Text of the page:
Where Buffalo Trace Distillery in Franfort, Kentucky, now stands, once stood OFC—Old Fire Copper—Distillery. Whisky legend Col. E.H. Taylor Jr. built the distillery in 1869-1870. The site has been named a national historic landmark, and its 150 year history has seen several name changes. There’s a lot of history to OFC Buffalo Trace Whisky, and this year’s vintage continues that tradition.
This year’s release marks the fourth of the series, and is sourced from OFC casks distilled 25 years ago in 1994, the same year that saw the world glued to their television to watch a low speed chase of OJ Simpson in a white Bronco and Nelson Mandela’s inauguration. It was also the year that Quentin Tarantino’s Pulp Fiction and other hits like Forrest Gump and The Lion King were released, notes the back label. Past releases have been given to charitable organizations for auctioning off to raise money—and have done so very admirably, raising more than a million dollars for causes ranging from veteran services to cancer services, cystic fibrosis, leukemia and lymphoma, children’s rights, autism, animal protection, the arts, and more. The 1994 bottles will roll out in late November and are priced at $2,500. Much like last year’s bottle, which saw fewer than 100 being released, this year will also be limited.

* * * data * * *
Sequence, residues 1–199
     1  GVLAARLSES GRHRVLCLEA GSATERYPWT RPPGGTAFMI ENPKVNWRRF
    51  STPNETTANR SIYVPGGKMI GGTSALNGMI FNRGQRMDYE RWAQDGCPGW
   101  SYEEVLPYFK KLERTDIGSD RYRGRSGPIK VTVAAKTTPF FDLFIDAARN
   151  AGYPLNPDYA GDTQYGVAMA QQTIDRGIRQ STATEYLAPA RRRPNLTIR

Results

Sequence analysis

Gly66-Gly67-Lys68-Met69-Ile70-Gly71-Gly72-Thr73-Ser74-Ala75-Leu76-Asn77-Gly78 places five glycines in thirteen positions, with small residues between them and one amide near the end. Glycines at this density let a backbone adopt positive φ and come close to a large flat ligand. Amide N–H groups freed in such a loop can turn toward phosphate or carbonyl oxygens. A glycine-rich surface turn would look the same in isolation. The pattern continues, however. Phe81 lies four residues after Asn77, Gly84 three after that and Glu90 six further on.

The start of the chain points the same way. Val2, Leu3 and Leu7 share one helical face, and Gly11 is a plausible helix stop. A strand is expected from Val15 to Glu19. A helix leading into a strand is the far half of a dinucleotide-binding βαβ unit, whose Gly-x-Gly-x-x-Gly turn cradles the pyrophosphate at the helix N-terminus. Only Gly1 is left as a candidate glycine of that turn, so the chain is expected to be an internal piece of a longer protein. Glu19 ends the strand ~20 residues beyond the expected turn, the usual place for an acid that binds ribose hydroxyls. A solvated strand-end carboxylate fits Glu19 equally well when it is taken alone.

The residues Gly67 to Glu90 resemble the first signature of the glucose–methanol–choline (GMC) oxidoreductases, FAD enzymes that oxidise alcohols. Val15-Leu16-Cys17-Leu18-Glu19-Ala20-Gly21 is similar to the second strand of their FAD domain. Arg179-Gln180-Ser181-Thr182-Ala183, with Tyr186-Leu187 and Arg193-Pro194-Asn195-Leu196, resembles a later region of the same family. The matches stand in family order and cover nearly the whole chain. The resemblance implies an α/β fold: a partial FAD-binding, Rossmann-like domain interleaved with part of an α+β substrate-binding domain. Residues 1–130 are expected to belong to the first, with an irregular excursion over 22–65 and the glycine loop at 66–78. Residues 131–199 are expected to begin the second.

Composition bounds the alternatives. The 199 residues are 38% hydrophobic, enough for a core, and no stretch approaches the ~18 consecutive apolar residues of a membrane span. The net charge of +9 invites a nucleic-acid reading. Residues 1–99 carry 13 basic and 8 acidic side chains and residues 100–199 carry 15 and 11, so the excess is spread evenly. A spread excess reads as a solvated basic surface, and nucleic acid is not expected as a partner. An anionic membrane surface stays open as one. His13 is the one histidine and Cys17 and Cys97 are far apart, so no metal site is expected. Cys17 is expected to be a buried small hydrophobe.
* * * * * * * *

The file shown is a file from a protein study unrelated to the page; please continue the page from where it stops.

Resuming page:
The 1994 release comes in hand-cut crystal and copper decanters that are presented in a polished wooden case. It comes with a hand-applied paper label and a provenance card. The whisky itself has “lots of cherry on the nose followed by butterscotch with hints of brown sugar and oak,” reports a Buffalo Trace spokesperson. The flavor is “toasted caramel, cinnamon and oak greet the palate, followed by a long finish of coffee, herbs and oak.”
You can celebrate a quarter century of history with a whisky that came to age through it all, and from a distillery with the pedigree to match up to its reputation.
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